You know the stench: the one your water bottle gets after sitting for far too long at your desk or in your car. But you may not realize that it smells that way because bottles are magnets for bacteria.
"The types of bacteria you'll find on a water bottle come from your hands or your mouth. There's a wide variety that can stick and grow, and a lot like to grow in places that are moist," Christine McDonald, Ph.D., a microbiologist at the Cleveland Clinic, told POPSUGAR. These bacteria can range from E. coli to staphylococcus aureus, all of which can make you really sick, often with gastrointestinal symptoms.
For that reason, it's really important that you clean your water bottle regularly, ideally after every use. Since that can be a hassle, you might wonder if self-cleaning bottles are all they're cracked up to be. You've likely seen Instagram ads for what claims to be the first ever self-cleaning bottle that "neutralizes up to 99.9999% of harmful, odor-causing bacteria using UV-C light."
So, how does it work? "UV light is used in hospitals to disinfect surfaces," Dr. McDonald explained. "It disinfects by using a certain wavelength of concentrated light that fragments the DNA of bacteria and kills them. It can be very effective."
However, since the UV light source is in a bottle's cap, Dr. McDonald is skeptical that it can clean the bottom of the bottle as effectively as the top, especially if there's still water inside. "Another part to consider is you'll still need to clean the top where you're going to be drinking from, since the UV light is not going to be hitting where your mouth touches on the outside," she said.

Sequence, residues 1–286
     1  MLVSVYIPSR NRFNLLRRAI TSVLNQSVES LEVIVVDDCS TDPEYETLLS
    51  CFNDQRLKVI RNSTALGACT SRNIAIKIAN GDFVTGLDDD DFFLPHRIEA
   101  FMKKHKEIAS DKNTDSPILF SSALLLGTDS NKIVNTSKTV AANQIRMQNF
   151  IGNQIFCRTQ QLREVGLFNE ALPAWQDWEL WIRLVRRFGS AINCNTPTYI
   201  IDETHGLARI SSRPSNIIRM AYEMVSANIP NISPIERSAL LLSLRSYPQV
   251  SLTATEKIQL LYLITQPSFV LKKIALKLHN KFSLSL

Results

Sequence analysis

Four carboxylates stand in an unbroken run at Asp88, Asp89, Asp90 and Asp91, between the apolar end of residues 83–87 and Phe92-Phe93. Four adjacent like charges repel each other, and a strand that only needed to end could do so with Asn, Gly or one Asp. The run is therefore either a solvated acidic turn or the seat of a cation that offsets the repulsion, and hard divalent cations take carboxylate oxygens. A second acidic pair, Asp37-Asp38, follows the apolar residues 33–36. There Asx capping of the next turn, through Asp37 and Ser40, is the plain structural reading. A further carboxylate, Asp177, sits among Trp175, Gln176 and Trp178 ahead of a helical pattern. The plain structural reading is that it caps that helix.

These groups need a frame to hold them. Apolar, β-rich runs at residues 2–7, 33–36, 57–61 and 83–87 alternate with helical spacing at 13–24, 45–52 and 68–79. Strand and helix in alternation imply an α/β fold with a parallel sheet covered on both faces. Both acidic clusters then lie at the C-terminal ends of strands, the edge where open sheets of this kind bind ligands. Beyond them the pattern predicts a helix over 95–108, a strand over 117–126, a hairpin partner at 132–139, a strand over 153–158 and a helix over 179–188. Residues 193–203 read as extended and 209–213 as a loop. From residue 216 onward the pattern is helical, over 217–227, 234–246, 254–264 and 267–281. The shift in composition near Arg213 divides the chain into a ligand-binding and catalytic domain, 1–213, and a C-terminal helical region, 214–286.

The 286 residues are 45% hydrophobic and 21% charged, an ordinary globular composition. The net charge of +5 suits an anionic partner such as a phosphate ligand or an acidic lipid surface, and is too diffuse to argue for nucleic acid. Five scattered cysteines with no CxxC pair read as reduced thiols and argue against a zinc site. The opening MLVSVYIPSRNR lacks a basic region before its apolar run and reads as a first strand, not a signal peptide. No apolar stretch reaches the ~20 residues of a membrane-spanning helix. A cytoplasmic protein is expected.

So, whether or not a self-cleaning bottle is worth the splurge is entirely up to you. If you prefer to spend a little less, Dr. McDonald recommends a copper bottle. "Historically, the best water containers are copper, because copper itself is antimicrobial," she said.
Whatever you choose, be sure to clean it effectively. "If a water bottle is dishwasher safe, that's the easiest and most effective way to clean it, since water gets so hot in dishwasher," Dr. McDonald said. "Or, soak your water bottle in 10 percent bleach for 10 to 15 minutes."